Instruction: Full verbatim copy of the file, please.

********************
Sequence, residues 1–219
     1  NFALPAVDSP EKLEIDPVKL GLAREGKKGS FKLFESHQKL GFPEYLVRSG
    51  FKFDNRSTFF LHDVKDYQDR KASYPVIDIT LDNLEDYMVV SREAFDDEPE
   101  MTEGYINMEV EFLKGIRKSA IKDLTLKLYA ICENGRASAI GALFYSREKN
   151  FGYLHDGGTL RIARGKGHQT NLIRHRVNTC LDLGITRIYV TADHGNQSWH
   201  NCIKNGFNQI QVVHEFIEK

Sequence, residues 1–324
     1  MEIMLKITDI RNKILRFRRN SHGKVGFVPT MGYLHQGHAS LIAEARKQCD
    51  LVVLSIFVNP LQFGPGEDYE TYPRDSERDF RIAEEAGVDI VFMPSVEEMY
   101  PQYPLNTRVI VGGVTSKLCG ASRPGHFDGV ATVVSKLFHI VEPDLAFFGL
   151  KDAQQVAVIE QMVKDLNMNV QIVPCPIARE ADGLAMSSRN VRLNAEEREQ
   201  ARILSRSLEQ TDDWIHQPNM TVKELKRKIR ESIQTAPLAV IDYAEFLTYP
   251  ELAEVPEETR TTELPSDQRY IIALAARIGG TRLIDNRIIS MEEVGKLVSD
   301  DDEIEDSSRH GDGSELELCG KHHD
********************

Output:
Sequence, residues 1–219
     1  NFALPAVDSP EKLEIDPVKL GLAREGKKGS FKLFESHQKL GFPEYLVRSG
    51  FKFDNRSTFF LHDVKDYQDR KASYPVIDIT LDNLEDYMVV SREAFDDEPE
   101  MTEGYINMEV EFLKGIRKSA IKDLTLKLYA ICENGRASAI GALFYSREKN
   151  FGYLHDGGTL RIARGKGHQT NLIRHRVNTC LDLGITRIYV TADHGNQSWH
   201  NCIKNGFNQI QVVHEFIEK

Sequence, residues 1–324
     1  MEIMLKITDI RNKILRFRRN SHGKVGFVPT MGYLHQGHAS LIAEARKQCD
    51  LVVLSIFVNP LQFGPGEDYE TYPRDSERDF RIAEEAGVDI VFMPSVEEMY
   101  PQYPLNTRVI VGGVTSKLCG ASRPGHFDGV ATVVSKLFHI VEPDLAFFGL
   151  KDAQQVAVIE QMVKDLNMNV QIVPCPIARE ADGLAMSSRN VRLNAEEREQ
   201  ARILSRSLEQ TDDWIHQPNM TVKELKRKIR ESIQTAPLAV IDYAEFLTYP
   251  ELAEVPEETR TTELPSDQRY IIALAARIGG TRLIDNRIIS MEEVGKLVSD
   301  DDEIEDSSRH GDGSELELCG KHHD